Caryl Churchill’s Skriker is a character that fascinates me. The many changing roles, curiously intertwining with other creatures and social situations which seem odd and yet strangely familiar cannot go unnoticed to a person who changes roles so frequently. She is also immensely funny. However, that is not the chief reason for deciding to bring this play to Kingston. Having been born in a city (Liverpool – strangely enough the same place as ‘Marie’) which had the highest teenage pregnancy rate for the whole of Europe, I was intrigued by Churchill’s treatment of the way in which young single mums who are struggling financially survive in the current socio-political system. The situation in the UK in the early 90s is not dissimilar to the one here today in Kingston.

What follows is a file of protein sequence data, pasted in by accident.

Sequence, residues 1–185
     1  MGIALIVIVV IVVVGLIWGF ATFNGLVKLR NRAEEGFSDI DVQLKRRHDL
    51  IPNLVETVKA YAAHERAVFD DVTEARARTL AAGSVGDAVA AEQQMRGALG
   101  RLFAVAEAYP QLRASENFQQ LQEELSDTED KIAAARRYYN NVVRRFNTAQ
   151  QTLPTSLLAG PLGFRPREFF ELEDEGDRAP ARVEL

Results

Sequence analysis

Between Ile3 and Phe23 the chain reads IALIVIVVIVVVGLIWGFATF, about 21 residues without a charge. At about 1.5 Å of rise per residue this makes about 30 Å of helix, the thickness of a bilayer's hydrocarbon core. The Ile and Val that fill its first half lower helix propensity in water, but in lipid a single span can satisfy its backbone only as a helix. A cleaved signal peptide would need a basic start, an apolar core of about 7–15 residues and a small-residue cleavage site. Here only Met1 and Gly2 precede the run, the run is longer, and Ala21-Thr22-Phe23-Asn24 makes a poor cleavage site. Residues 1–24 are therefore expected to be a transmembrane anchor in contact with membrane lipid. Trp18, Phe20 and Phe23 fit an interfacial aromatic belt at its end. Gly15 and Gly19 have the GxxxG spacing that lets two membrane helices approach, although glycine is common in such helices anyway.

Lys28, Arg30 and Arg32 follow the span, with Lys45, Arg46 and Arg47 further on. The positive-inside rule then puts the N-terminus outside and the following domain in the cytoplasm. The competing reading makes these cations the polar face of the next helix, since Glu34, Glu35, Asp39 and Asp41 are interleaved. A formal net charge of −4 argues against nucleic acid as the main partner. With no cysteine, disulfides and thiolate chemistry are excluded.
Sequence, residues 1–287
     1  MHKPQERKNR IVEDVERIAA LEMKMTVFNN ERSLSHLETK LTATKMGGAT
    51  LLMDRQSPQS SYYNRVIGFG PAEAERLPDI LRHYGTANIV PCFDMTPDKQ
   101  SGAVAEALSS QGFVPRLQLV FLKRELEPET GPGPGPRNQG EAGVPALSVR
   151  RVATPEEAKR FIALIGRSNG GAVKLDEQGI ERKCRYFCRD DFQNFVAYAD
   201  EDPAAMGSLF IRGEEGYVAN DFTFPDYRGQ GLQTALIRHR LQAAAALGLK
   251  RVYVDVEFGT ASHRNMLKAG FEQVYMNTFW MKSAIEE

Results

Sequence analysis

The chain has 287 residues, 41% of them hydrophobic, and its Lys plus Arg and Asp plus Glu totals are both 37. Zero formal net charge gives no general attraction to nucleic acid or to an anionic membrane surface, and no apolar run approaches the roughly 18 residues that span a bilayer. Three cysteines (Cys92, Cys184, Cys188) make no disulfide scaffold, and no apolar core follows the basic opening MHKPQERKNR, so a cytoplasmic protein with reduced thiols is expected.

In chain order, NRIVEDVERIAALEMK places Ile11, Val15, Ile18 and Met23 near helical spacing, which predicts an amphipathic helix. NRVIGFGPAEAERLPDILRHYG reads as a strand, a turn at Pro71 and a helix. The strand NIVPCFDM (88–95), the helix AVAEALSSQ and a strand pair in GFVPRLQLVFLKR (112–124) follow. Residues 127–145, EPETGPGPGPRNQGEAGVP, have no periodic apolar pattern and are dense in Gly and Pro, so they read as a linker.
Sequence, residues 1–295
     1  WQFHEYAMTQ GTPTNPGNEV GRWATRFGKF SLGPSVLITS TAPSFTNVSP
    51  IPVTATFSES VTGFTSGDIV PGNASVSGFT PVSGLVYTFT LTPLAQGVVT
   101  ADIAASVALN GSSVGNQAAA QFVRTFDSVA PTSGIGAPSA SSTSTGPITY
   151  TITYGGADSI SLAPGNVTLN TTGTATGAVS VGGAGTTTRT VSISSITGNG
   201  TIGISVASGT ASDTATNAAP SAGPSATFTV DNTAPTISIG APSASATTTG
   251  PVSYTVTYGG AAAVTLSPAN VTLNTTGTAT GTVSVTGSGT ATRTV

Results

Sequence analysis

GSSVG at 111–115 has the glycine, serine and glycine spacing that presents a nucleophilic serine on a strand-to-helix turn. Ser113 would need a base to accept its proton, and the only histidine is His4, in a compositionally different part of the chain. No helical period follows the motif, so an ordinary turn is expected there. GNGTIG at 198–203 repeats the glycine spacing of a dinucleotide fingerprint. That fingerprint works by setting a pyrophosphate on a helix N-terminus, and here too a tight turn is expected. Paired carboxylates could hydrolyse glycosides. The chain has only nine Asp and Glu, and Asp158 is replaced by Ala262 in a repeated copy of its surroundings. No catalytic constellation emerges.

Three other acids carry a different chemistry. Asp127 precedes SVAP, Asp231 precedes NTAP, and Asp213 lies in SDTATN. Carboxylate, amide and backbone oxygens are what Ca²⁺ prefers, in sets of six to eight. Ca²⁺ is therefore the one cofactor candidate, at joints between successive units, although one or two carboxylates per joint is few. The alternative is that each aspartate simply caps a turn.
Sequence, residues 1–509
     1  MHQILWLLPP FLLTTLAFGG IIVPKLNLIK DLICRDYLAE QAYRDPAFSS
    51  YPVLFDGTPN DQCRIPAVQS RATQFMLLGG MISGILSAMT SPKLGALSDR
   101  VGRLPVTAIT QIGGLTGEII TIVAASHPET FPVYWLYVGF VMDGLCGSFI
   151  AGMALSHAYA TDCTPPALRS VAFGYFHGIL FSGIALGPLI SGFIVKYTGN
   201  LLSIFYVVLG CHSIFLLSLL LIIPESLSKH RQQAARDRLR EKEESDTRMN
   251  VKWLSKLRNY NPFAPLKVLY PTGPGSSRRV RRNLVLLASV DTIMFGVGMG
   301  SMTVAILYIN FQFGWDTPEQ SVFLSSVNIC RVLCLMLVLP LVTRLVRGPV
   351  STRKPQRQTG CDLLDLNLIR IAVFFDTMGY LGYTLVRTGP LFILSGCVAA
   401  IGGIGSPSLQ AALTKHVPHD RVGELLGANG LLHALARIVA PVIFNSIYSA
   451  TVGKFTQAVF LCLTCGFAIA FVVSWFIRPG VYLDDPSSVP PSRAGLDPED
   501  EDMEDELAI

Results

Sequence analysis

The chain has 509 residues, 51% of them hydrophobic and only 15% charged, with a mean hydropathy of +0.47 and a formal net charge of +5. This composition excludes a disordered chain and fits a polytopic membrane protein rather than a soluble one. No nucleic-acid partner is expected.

To help us prepare for the production, we ran a workshop in the local ‘Foundations for the Future programme’, a school for young mothers, to help us understand our roles better and were disturbed but not surprised to find how very real some of the metaphors that Churchill has used are. The girls spoke of their fears of isolation, of having their babies taken away, of the harm that could befall them, of losing control and yet of the tenderness and delight of new life, of being needed. We could easily imagine ‘others’ in society as self satisfied creatures preying on them – trying to drag them down into an underworld of lost souls.
Despite this, the hope and sense of fun the girls shared with us was enormous and we have tried to capture some of this in our production with the increasingly Monty Python-esque manner in which Churchill’s Skriker tries to convince Lily to give up.
Performed at the Vogt Studio, Queens University, Kingston, Canada, April 2005